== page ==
As I said earlier, if industrialists and businesspersons get support from the government in difficult times, it also bodes well for the banking sector. But we have been asking the government to make policies related to taxation based on the principle of equality. If the government needs to raise more revenue, the tax rate should be increased also for trading firms. It is unfair to levy 30 percent income tax on banks, which is 25 percent for trading firms.
Raising income tax for trading businesses to 30 percent or reducing the tax rate for banks at once may not be possible. So, gradually reducing the tax rate for banks and increasing it for other businesses, whatever can be pragmatic to implement, could be the way forward. At present, the income tax rate for banks, and producers of alcohol and tobacco products is the same. Looking into international practices related to taxation, it can be seen that income tax rate for banks is on par with other types of businesses except in a few countries.
What expectations do you have from the next fiscal year’s monetary policy?
It can be expected that Nepal Rastra Bank will extend rescheduling and restructuring of loans for the sectors affected by the second wave of the pandemic. Similarly, the refinancing facility for hardest and medium hit borrowers is also likely to be continued.
We are also facing the economic fallout of the pandemic like other corporate institutions. Despite the growth in business as indicated by the increase in lending, there has been a decrease in the income of banks. While interest rate subsidies and competition between banks to attract borrowers have been the main factors, the decline in our fee income has also played a part in this respect. NRB has set limits on prepayment, commitment, and loan processing fees. It is understandable that small borrowers should be charged less as many of them cannot negotiate with the banks in better ways and their financial burden should not be increased. This is not the case with big borrowers; they are strong financially and are capable enough to negotiate with banks effectively. So, we request the central bank to allow banks to charge fees to big borrowers on their own. This will increase determination and competition in the market.
NRB has directed us to focus on sectors including agriculture, energy and SME for lending. But as the second wave has affected economic activities towards the end of the fiscal year, meeting the targets set for these sectors will be difficult. So, we’ve requested the central bank to reconsider the targets.
Banks have been spending CSR funds in scattered ways and they also have their own priorities in CSR. As per NRB rules, banks are required to spend such funds by themselves. If there can be an arrangement to channelise CSR funds through institutions like the Nepal Bankers’ Association, spending could be more effective. Together with the NRB, we could work to start impactful projects related to education, health and environment protection.
People have expected the central bank to come up with policies in the monetary policy to push banks into mergers. How do you think mergers should be done?
There is so much competition in the banking sector that banks themselves are going into mergers and acquisitions. Bank mergers have to be voluntary. Forced mergers will not produce intended results even if the intention of the regulator is good. A synergy effect has to come from the merger and forcing banks to merge will not create this effect.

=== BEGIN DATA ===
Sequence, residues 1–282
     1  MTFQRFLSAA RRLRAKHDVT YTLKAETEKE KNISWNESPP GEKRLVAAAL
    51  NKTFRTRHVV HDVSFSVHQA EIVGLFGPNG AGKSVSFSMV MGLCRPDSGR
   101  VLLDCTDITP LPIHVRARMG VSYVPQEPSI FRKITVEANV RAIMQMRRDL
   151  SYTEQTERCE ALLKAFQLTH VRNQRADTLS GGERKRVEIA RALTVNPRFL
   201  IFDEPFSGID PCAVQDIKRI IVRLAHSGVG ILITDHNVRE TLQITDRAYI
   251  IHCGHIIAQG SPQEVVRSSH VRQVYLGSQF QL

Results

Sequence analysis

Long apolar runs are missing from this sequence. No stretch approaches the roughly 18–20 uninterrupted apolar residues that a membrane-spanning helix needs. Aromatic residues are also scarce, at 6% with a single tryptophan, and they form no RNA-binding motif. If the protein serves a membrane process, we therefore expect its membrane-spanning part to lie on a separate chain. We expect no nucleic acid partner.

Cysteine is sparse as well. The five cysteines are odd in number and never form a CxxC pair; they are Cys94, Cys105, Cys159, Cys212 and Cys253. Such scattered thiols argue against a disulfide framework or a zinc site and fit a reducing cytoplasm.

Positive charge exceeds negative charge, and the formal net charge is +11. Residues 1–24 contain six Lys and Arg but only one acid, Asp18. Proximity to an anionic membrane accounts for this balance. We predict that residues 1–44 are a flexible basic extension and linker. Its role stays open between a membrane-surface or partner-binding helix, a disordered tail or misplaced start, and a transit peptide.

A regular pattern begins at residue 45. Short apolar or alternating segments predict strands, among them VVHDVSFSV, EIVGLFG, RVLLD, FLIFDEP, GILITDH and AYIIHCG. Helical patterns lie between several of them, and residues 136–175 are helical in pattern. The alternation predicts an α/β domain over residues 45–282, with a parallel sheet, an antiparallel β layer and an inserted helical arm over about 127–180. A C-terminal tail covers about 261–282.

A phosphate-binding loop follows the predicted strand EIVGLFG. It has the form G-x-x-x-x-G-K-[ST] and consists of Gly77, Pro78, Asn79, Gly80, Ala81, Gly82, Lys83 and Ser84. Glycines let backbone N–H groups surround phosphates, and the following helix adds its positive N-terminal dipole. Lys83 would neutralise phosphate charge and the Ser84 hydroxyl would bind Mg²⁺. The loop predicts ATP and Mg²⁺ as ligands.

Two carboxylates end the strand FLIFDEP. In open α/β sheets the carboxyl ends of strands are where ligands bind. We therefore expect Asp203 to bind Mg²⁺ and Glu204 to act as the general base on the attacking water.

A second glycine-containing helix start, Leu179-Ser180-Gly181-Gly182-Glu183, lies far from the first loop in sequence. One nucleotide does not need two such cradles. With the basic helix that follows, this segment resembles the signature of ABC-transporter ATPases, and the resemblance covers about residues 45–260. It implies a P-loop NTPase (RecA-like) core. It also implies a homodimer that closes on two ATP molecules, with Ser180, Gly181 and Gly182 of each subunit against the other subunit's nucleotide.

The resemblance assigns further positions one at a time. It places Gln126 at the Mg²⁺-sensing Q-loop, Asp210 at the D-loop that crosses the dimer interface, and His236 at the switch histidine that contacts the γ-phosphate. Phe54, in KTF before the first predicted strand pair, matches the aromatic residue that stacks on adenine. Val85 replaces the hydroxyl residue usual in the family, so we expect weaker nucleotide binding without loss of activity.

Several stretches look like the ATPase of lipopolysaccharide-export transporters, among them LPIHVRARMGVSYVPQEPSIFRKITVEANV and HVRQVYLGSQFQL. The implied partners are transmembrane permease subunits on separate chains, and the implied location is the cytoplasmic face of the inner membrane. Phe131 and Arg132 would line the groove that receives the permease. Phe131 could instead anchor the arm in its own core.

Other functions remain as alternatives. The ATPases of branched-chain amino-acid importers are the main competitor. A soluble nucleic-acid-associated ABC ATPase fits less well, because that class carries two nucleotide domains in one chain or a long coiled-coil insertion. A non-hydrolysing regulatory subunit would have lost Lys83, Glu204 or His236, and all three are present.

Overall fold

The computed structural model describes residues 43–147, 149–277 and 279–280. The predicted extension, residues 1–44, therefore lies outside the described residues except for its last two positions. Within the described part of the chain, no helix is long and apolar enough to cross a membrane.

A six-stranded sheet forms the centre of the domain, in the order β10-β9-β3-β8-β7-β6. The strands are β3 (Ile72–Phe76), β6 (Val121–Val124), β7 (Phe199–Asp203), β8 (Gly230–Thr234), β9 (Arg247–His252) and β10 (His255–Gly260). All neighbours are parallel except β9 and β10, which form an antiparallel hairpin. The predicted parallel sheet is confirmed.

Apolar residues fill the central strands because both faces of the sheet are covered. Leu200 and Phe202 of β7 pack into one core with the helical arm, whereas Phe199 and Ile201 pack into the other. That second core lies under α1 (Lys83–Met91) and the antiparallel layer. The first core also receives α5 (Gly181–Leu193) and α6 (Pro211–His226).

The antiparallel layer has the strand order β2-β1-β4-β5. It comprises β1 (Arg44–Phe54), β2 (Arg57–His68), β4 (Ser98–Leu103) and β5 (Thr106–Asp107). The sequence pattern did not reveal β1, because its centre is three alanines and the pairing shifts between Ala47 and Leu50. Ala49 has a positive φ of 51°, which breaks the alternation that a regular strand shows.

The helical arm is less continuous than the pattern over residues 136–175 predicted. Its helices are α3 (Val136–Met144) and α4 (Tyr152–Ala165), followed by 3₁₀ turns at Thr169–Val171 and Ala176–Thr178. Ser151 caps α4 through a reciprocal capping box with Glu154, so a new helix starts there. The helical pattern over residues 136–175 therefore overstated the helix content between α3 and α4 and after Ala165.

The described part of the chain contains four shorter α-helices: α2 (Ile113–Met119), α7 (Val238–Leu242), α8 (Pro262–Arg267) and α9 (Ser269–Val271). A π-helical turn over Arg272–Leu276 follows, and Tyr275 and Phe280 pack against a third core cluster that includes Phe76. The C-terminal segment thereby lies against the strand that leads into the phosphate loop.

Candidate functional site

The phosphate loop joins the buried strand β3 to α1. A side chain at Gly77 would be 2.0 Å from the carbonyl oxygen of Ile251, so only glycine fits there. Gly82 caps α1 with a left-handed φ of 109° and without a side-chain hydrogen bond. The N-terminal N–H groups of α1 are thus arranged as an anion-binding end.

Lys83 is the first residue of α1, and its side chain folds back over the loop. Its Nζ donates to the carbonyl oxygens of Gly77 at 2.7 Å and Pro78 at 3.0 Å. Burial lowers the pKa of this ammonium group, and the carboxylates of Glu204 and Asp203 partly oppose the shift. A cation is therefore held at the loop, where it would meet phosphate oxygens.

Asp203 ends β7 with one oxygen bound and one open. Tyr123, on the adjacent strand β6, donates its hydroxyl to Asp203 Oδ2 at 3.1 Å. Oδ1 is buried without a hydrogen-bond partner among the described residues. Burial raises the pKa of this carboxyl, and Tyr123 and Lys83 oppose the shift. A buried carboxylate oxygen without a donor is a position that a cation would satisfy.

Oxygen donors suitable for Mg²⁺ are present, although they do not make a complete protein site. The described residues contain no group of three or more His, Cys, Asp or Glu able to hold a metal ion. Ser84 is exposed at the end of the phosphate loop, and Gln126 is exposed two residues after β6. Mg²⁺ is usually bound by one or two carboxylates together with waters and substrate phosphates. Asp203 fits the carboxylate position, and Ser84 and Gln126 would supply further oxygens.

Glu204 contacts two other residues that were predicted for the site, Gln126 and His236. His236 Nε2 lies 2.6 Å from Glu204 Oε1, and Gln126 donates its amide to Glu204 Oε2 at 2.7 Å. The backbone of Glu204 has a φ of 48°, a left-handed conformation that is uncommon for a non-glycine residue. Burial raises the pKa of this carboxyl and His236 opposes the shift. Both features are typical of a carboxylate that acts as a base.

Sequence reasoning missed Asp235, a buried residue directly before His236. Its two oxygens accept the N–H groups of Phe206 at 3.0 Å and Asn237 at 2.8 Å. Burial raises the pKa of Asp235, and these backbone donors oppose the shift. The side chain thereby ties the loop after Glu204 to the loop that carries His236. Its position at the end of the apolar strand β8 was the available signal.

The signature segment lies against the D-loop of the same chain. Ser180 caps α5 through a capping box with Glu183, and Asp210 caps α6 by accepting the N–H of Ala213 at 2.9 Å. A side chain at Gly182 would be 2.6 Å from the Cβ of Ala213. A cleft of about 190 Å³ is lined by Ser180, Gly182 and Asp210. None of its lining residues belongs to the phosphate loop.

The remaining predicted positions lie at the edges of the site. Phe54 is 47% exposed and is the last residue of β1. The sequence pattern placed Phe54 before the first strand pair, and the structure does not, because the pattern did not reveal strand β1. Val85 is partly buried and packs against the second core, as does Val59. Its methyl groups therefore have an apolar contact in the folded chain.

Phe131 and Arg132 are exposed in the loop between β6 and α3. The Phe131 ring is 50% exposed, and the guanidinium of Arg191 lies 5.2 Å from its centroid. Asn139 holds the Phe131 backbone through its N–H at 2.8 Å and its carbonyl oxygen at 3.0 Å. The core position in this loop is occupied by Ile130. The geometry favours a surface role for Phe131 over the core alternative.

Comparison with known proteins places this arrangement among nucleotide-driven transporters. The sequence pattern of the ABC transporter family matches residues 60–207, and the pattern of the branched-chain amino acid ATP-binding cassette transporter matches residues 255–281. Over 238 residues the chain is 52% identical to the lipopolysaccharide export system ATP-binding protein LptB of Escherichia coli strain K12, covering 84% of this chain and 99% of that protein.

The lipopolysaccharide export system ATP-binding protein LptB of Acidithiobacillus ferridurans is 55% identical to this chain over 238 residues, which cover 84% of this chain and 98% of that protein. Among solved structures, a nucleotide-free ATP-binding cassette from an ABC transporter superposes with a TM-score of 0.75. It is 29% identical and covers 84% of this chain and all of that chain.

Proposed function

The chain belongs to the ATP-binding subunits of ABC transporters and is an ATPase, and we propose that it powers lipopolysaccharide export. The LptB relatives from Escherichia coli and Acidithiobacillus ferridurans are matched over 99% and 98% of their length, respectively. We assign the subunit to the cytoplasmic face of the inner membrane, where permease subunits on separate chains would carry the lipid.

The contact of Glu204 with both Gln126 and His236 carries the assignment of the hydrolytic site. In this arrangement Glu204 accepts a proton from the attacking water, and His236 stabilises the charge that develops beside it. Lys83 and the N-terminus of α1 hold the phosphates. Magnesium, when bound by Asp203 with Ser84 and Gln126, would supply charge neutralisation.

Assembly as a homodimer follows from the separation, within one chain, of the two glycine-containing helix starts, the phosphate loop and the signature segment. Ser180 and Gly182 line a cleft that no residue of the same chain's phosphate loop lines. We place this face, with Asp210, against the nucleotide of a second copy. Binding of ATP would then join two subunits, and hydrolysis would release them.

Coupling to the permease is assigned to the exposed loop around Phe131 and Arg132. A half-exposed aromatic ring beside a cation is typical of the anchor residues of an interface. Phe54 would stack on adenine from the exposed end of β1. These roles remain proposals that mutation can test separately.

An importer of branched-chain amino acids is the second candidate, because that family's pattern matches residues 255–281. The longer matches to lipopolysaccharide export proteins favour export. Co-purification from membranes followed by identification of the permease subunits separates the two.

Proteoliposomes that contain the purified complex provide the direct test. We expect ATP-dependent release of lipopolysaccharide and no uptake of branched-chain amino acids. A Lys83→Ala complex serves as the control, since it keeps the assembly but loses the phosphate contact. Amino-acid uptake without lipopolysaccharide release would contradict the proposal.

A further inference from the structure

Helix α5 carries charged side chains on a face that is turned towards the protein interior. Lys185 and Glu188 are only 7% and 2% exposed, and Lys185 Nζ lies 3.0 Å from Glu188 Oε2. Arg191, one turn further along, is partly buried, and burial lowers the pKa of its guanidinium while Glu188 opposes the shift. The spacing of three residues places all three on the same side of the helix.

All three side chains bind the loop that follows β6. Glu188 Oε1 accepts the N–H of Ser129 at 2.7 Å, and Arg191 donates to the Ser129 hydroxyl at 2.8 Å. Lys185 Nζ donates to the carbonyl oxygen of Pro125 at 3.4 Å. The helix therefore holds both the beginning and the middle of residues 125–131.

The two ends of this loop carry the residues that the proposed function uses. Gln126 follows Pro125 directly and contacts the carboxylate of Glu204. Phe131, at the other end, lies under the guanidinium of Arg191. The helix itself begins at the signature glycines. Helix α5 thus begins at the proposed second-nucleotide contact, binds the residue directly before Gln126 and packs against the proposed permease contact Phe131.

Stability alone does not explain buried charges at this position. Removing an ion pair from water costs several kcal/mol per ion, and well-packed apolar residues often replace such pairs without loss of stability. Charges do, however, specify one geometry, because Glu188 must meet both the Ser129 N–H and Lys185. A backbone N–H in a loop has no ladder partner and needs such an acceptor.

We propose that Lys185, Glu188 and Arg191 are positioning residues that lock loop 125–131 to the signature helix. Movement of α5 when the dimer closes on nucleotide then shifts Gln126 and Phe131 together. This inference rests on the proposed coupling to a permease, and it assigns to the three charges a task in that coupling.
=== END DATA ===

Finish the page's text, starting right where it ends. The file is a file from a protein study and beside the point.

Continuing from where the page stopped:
The central bank can also explore other alternatives to make banks stronger. For instance, setting certain targets in parameters such as corporate governance and finance, and directing banks to meet the targets within a deadline (say one year) or face stringent penalties so as to improve the performance of banks.
The past year has seen an increase in the number of activities related to digital banking with NRB, banks and fintech companies coming ahead to promote digital products. Have the banks achieved their objectives in digital banking? And what about the readiness of bank customers to adopt digital financial services?
Banks were already working to develop digital products over the last couple of years. With the pandemic accelerating the necessity of digital systems, it has become more important for us to focus on digital banking services and banks are sincerely working towards it. We are also fortunate to have a central bank governor who is active in promoting digital payment and banking services.
Before the second wave of the pandemic, we had observed a decline in cash and cheque transactions, while the number of digital transactions was increasing. Also because of the Covid-19 related health safety reasons, we are promoting online bank account opening, fund transfer and encouraging customers to utilise digital services.
But still a lot needs to be done. Expanding internet services in rural areas and developing digital banking interfaces and payment apps in Nepali will be important in this regard. I think we are moving in the right direction and there will be some big changes in terms of digitalisation of financial services in the next 3-4 years.
In relation to the disagreement which has erupted between employees of banks and the Social Security Fund (SSF) after the latter took action against two commercial banks, bank staff are insisting that they will not join SSF under the current arrangements while the fund has claimed that they have addressed all the demands of bank employees. How do you think this complicated issue should be resolved?
The Social Security Act states that any employee will be entitled to receive social security benefits only according to their contributions to the fund. Provisions in the Act clearly show that joining SSF is not mandatory.
We have to acknowledge that SSF is a new institution and it is facing teething problems at the moment. The fund hasn’t still determined the interest rates on deposits and loans even after the amendments were made in the SSF Procedures.
Two of 27 commercial banks have already joined SSF. Some banks may join the fund in the future while others may not choose to. What we are asking for is to avoid forcing bank employees to participate in SSF which will damage industrial relations in the banking sector. Our calculations have shown that leaving the principal amount, contributors will receive pension returns of just 7 percent which is too low compared to the existing retirement arrangements.
Nepal Bankers’ Association is clear that the banking workforce must be taken into confidence as a large chunk of their income will be deposited in the fund as contribution. There is no need to push them against their will if they are satisfied with the current arrangements.